Brick vs. Vinyl Siding
When considering siding for a home, the first things to think about are appearance and strength. While most siding can resist weather, two types of siding stand out as long-lasting: vinyl siding and brick siding. They are both great choices for durability and beauty.
Vinyl is a good home siding that requires little maintenance—it just needs hosing off a few times a year. There is no need to paint, as the vinyl comes in a rainbow of colors, the darker colors preserved with anti-fade agents. It is also available in a wide variety of styles and comes with a lifetime warranty. This type of siding can also help reduce heating and cooling bills by providing an insulating layer.
Not very difficult to install for the homeowner, vinyl costs less than brick and has many other advantages. Vinyl can be removed and reinstalled elsewhere. The homeowner can add a room, or just change a look fairly easily, as this siding is screwed on, then locked with the panel below it to seal it from the weather.
That said, vinyl siding is vinyl. While strong and resistant to mild weather, it will not have the durability of brick. The lifetime warranty can vary, from the life of the product to the life of the consumer. There is no legal definition, so reading small print is highly recommended. Expect it to last about 20 to 25 years.
Brick can give a rustic look to a home and can be beautiful for decades. Brick is usually installed as a veneer, not a part of the structure, and is water-permeable. This siding needs to be installed over a waterproof membrane. The disadvantage to brick is that it is pricey, especially if installed correctly. Brick is not so easily moved from place to place, and can add significantly to the price of a remodeling job. It is also not a job for the homeowner. Brick panels are heavy and are connected with portland cement, a mortar made of lime, sand, and water.
Brick is considered permanent, but it will deteriorate, especially at joints. Repointing, replacing the damaged mortar, may need to be done eventually. If installed well, however, that will not need to be done for many years.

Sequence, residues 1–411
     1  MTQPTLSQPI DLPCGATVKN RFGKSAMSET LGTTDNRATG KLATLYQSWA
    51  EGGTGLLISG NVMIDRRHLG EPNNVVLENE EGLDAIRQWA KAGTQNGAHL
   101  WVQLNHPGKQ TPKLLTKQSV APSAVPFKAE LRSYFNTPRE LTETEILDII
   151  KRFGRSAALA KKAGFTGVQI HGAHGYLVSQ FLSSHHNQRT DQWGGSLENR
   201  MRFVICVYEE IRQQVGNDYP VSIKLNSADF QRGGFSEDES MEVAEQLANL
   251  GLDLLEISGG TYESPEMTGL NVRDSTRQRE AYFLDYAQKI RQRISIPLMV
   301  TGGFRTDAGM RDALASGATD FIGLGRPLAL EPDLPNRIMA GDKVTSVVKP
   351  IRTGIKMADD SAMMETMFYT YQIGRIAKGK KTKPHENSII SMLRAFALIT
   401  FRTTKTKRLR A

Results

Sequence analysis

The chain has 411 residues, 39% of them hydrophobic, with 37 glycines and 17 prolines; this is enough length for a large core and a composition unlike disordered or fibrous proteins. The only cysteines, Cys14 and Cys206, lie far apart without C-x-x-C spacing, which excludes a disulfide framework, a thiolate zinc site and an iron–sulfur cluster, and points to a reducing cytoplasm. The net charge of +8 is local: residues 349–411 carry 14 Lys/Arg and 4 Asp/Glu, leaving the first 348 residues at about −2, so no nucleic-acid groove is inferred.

Brick siding and vinyl are at opposite ends of the cost spectrum, but both can increase the value and beauty of a home for years.
I have owned my house for a quite awhile now and I recently was able to save up to redo the siding of my home. I was wondering what kind of siding I wanted my house. I didn’t know that vinyl could be easily installed, and could be changed easily! I think this helped me with my decision! Thank you so much!
Best of luck with your siding job, Deb! Siding projects are a big undertaking, but one of the best investments you can make for your home.
I’m trying to determine if I want to buy a home with vinyl or brick. Is there anyway to determine if the vinyl is insulated or if it’s the best vinyl to use. I imagine that there are cheaper vinyl products.
Hi Sheila, congratulations on your upcoming investment! There are many things to take into consideration when purchasing a home and the exterior siding is of course no different. To see if the vinyl is insulated you could look at the back of the siding. And while both vinyl and brick are both great long-lasting options, you may want to consider a composite siding material instead. A composite siding combines the beautiful and classic look of wood with the most durable material to stand up to the toughest conditions. You can do a low e insulation as an added barrier to installation on this type of plank for an even better sealing effect. Composite siding does not rot, does not need to be painted and cannot be penetrated by rain, pests or woodpeckers. Have you heard of Wolf Composite Siding? It uses 100% ASA capstock, which means its color will not fade and its proprietary infinity seam technology provides a virtually seamless look – something you can’t get with vinyl. Good luck with your search!